One of the illusory advantages of conducting business offshore (in a location outside of the United States) is to protect the business from the reach of the U.S. judicial and alternative dispute resolution systems. Contrary to belief, if you operate an offshore website that attracts U.S. visitors through, for example, online sales of products or services, you are not sheltered from the long arm of the United States courts.
Recent court cases have determined that U.S. courts can claim jurisdiction over a web site regardless of the geographical location of the registrant and even the domain name registrar. In Atlas Copco v. Atlascopcoiran.com, for example, a trademark holder sued various domain names under the Anticybersquatting Consumer Protection Act of 1999. Although the defendant domain name owners appeared to be located outside of the United States, the court held that it had jurisdiction over the property, that is, the domain names themselves, because the registry, VeriSign, was located in Virginia. VeriSign incidentally controls all <.com> and <.net> domain names. The court’s jurisdiction over property is referred to as in rem jurisdiction as opposed to in personam jurisdiction, which is jurisdiction over the person or individual. The court issued a judgment and ordered transfer of the domain names.
In Com. ex rel. Brown v. Interactive Media Entertainment and Gaming Association, Inc., the state of Kentucky filed an action to seize 141 domain names being used for gambling sites, an illegal activity in Kentucky. Although most of the sites were located offshore and served gamblers both inside and outside of Kentucky, the state court ordered a forfeiture hearing. The domain name representatives appealed to the Supreme Court of Kentucky where they lost for lack of standing. Although the status of the domain names is uncertain, the case demonstrates how the lower courts will exercise in rem jurisdiction over domain names and seize them if their owners are violating state laws.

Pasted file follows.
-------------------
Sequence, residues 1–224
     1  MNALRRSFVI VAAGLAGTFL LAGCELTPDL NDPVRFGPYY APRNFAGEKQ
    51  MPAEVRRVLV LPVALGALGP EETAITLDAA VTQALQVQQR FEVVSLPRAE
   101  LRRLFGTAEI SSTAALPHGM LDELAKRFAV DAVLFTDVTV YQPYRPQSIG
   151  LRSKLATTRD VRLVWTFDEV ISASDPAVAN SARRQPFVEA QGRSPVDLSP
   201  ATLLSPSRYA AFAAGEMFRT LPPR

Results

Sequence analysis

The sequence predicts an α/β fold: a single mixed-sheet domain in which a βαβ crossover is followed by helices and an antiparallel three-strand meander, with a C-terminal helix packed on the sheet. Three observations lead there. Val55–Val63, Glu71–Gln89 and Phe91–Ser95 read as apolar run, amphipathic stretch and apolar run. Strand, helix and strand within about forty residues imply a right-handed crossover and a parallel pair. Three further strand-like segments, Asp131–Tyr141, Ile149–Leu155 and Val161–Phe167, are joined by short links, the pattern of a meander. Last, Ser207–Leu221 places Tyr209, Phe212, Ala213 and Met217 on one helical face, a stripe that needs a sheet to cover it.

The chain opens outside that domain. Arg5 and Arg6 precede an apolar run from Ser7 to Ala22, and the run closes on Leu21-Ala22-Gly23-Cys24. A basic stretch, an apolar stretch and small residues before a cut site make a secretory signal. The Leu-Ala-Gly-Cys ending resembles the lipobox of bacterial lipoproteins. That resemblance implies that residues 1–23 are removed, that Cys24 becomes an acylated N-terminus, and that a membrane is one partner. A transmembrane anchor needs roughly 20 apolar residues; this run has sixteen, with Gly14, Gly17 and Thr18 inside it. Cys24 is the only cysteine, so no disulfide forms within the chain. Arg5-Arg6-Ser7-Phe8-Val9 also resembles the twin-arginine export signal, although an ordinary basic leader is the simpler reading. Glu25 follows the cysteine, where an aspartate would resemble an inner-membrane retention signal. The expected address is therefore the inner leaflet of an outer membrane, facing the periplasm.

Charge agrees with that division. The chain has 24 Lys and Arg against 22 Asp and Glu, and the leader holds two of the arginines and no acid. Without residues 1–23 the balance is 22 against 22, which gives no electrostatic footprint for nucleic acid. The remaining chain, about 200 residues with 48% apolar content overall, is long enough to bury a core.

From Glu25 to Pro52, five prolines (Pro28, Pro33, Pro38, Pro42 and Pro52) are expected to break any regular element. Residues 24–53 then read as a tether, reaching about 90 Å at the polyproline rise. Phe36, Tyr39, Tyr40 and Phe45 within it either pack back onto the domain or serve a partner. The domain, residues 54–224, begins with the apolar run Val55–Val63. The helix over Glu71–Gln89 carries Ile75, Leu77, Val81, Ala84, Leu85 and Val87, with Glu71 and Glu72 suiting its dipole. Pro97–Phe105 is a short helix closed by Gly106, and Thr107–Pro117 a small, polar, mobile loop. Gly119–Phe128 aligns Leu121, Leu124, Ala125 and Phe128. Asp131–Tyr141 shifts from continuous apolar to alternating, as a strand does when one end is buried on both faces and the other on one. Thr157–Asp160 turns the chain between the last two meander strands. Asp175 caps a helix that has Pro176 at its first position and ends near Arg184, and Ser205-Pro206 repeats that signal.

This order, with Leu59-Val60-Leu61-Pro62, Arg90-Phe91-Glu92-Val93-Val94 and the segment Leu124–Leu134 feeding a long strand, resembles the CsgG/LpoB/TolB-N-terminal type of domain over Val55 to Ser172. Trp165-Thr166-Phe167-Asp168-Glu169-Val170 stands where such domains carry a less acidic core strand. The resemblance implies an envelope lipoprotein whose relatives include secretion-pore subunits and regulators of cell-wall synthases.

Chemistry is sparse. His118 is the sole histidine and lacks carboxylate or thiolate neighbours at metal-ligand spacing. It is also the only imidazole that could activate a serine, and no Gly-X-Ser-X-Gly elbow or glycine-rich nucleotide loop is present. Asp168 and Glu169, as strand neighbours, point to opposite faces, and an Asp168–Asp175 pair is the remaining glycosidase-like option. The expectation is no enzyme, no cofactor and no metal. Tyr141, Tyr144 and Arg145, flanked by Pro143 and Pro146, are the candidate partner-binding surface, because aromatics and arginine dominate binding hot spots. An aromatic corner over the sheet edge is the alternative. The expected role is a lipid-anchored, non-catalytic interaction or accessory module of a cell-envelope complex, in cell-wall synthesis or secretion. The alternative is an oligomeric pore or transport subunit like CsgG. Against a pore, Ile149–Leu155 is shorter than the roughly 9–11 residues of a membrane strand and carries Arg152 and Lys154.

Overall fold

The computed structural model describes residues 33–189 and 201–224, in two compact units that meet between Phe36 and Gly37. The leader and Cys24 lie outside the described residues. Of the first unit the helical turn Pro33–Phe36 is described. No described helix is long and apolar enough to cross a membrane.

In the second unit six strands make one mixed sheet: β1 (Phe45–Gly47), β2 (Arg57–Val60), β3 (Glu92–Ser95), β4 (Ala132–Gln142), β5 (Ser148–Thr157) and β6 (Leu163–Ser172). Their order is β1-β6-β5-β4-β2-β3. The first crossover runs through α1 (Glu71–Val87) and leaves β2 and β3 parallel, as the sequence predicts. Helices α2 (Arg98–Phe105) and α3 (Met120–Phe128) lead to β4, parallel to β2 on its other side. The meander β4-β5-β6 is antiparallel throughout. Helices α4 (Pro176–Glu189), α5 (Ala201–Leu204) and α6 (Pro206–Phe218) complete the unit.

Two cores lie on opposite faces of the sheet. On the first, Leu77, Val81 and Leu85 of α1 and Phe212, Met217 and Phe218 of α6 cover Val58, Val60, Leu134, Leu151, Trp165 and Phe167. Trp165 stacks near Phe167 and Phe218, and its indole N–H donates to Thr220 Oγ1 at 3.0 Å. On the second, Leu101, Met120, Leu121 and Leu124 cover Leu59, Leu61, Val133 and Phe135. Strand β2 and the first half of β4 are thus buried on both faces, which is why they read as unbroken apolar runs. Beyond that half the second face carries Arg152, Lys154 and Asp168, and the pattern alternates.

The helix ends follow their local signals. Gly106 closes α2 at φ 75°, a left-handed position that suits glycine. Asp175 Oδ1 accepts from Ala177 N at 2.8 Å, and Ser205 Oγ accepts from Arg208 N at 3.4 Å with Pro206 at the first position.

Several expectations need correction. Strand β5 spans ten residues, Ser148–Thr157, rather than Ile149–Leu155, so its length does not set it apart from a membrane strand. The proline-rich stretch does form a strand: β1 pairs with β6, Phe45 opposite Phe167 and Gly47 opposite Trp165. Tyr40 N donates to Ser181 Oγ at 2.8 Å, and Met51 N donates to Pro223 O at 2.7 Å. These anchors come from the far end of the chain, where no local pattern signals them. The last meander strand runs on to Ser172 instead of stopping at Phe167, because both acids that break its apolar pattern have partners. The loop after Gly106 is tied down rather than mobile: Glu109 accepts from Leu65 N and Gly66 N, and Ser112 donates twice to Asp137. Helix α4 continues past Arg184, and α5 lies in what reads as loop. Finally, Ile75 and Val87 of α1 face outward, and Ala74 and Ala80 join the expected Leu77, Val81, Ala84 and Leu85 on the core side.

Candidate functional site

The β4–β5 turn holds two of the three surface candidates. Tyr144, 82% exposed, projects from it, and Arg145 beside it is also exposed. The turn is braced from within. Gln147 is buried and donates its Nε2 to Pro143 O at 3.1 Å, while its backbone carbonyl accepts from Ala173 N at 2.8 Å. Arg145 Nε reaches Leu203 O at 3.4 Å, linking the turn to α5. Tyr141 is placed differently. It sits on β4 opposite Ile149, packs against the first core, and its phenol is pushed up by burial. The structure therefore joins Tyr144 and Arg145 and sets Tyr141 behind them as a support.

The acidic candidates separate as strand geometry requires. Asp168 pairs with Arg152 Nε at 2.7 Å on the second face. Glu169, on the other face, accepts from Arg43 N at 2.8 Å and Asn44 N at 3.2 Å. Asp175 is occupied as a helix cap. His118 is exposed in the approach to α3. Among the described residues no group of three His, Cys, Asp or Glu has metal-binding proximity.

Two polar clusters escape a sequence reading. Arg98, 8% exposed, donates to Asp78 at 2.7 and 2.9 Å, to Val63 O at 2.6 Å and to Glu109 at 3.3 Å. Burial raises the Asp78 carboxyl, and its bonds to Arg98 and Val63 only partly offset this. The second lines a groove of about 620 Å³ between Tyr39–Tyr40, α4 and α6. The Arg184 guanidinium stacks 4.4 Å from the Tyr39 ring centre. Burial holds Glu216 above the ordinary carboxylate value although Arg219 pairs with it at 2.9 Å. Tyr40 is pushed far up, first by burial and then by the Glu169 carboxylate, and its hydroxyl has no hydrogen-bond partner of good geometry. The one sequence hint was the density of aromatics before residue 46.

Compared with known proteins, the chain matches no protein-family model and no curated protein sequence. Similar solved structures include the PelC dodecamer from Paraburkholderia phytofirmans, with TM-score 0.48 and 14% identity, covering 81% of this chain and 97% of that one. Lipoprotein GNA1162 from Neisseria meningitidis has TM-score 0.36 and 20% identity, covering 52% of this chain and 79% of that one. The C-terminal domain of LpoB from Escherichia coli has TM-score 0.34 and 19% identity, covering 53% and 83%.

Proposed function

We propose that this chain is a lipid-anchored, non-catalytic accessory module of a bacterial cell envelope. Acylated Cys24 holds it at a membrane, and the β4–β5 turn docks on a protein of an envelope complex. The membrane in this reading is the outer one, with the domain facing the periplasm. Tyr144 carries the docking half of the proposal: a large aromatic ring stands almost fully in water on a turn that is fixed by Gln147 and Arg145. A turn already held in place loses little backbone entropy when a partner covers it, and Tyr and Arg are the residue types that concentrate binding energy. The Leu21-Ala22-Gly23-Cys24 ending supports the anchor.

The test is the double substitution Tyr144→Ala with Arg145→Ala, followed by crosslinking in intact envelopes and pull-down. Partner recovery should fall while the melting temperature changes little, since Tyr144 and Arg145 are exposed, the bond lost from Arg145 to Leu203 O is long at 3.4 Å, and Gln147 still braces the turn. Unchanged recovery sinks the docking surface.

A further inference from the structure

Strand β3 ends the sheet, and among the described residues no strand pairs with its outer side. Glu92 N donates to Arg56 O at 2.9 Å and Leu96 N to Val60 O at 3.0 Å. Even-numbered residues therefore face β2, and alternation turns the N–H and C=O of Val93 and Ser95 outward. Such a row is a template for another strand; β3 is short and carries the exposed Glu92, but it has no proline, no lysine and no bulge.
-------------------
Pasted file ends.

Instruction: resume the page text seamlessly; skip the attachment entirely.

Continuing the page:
Thus, while moving your domain name offshore may protect the registrant from personal jurisdiction, it will not prevent the courts from exercising in rem jurisdiction over the domain names itself. It is clear that the long arm of the law can reach across oceans.
–Deborah A. Logan, Esq.